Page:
Net metering is a billing mechanism that credits owners of solar energy systems for the electricity they add to the utility grid system, according to SEIA. It is one of the incentives to install solar systems for both business owners and homeowners.
How does net metering work?
The mechanism behind net metering is quite simple. During the daytime, solar panels convert solar power to electricity for the building. When the power generated by the solar panels exceeds the need of the building, the extra energy is sent to the grid in exchange for solar credits. Instead of receiving a check for sending the electricity back to the grid, solar credits allow the facility to exchange electricity with the grid during nighttime, or when its solar panels are not producing enough electricity to support normal operation of the facility. The building is only billed for the net energy use.
Solar energy systems typically hit peak electricity production in the afternoon, according to Energy Sage. However, the need for electricity in offices or other facilities does not necessarily peak during this time. As a result, by sending extra power to the grid, facilities receive solar credits that allow them to use energy at a much lower price during their peak time.
Hence, net metering helps facility managers balance solar electricity use during the hours of operation. It also ensures there is enough electricity to use even when the solar panels are not producing enough electricity.
Why should you care about net metering?
Net metering allows facility managers to gain control over their electricity bills. For example, according to SEIA, California public agencies and schools will save $2.5 billion in electricity costs over the next 30 years using net metering.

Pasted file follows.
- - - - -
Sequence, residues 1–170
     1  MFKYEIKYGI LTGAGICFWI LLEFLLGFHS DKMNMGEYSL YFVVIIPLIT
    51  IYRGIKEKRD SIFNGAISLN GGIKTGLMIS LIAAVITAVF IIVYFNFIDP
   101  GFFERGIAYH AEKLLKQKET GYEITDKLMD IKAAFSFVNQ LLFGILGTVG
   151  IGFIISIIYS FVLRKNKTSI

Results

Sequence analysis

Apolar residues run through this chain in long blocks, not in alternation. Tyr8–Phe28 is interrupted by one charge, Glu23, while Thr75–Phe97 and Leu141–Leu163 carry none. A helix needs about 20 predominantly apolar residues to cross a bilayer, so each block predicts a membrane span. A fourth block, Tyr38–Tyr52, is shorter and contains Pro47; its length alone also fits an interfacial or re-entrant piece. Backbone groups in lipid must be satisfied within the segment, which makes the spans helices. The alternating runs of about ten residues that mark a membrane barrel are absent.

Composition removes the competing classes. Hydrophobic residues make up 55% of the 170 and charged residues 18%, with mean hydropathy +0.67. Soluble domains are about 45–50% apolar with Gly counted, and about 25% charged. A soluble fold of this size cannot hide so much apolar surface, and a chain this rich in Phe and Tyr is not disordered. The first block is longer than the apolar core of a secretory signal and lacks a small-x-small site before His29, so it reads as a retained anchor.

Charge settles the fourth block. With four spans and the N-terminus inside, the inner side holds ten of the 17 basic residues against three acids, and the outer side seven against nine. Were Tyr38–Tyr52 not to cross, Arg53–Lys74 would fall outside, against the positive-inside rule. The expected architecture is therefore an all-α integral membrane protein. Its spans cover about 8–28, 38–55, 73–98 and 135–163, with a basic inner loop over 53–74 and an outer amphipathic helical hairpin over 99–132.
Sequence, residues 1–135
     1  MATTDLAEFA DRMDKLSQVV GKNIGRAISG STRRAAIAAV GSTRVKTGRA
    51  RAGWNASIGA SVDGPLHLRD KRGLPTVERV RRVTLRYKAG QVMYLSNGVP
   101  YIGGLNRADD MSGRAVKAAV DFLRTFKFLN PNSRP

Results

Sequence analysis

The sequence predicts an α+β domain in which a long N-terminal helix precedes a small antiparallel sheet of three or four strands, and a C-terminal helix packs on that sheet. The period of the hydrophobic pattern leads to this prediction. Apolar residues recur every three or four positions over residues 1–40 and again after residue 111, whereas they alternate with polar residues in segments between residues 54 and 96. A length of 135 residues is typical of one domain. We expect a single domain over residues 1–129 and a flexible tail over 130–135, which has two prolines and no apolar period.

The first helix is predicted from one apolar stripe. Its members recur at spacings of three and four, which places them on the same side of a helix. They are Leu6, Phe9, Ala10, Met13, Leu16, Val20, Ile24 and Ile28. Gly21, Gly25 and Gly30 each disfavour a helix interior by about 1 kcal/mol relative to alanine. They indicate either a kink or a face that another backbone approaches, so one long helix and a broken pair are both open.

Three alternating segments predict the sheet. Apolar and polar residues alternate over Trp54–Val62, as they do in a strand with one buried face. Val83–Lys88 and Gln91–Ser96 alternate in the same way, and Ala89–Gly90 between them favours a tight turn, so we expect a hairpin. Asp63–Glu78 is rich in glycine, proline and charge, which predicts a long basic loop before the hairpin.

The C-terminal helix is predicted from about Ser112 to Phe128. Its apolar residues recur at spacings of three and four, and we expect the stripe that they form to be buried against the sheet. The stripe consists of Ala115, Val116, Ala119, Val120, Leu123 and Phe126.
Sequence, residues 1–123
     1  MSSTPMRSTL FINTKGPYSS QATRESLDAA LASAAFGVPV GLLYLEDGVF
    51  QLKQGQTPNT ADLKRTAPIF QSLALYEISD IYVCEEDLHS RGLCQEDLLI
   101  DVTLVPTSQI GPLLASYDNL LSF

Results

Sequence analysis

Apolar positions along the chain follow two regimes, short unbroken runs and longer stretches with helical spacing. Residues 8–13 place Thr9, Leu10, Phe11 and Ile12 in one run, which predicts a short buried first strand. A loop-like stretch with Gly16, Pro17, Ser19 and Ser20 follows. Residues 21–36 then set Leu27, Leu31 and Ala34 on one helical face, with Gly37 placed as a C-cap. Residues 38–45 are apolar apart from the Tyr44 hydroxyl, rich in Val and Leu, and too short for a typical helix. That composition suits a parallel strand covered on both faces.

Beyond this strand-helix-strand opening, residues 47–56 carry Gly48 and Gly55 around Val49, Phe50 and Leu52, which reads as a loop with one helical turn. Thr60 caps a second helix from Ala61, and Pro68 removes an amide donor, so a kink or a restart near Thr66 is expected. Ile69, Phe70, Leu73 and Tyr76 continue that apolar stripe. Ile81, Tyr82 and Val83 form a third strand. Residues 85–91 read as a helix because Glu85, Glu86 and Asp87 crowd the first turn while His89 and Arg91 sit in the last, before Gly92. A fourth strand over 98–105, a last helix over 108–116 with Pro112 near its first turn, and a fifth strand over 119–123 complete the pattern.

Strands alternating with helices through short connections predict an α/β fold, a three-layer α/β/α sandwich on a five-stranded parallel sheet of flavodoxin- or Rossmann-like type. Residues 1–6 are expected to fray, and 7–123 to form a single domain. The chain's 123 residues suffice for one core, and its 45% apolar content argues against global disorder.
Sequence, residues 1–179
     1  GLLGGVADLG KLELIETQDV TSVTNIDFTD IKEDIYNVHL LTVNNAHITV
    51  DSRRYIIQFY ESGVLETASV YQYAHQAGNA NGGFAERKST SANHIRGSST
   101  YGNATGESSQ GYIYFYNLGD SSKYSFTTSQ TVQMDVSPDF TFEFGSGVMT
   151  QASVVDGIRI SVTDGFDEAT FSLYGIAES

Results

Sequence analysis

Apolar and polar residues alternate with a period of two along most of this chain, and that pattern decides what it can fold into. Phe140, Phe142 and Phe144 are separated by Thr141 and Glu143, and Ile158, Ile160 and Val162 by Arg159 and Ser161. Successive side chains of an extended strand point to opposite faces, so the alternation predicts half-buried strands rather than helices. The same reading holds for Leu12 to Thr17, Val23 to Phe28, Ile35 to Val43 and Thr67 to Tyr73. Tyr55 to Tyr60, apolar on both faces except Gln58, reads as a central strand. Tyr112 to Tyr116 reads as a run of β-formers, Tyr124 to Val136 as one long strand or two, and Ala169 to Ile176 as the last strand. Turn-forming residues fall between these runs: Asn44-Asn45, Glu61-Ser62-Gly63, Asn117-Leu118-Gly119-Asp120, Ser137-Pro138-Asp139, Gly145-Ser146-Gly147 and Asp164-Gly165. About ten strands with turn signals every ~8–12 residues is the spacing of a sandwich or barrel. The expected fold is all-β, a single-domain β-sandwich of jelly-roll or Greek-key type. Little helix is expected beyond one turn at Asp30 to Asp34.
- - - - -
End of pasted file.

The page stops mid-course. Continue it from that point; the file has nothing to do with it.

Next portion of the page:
Net metering also provides jobs and economic benefits to users. It increases the demand of solar energy systems and creates more jobs for American workers.
Most importantly, it allows buildings to generate their own electricity cleanly and efficiently.
However, one thing worth noting is that not every state in the U.S. provides net metering. The states do not provide net metering include Alabama, Georgia, Hawaii, Mississippi, Nevada, South Dakota, Tennessee, Texas, according to Energy Sage. The rest of the states allow net metering, and thus companies in these states can enjoy the benefits of net metering and save money through using it.
EnergyLink will assist in allowing you to take advantage of the best practices in the industry to reap the benefits and incentives they deserve. If you wish to learn more about net metering, feel free to contact one of our certified engineering.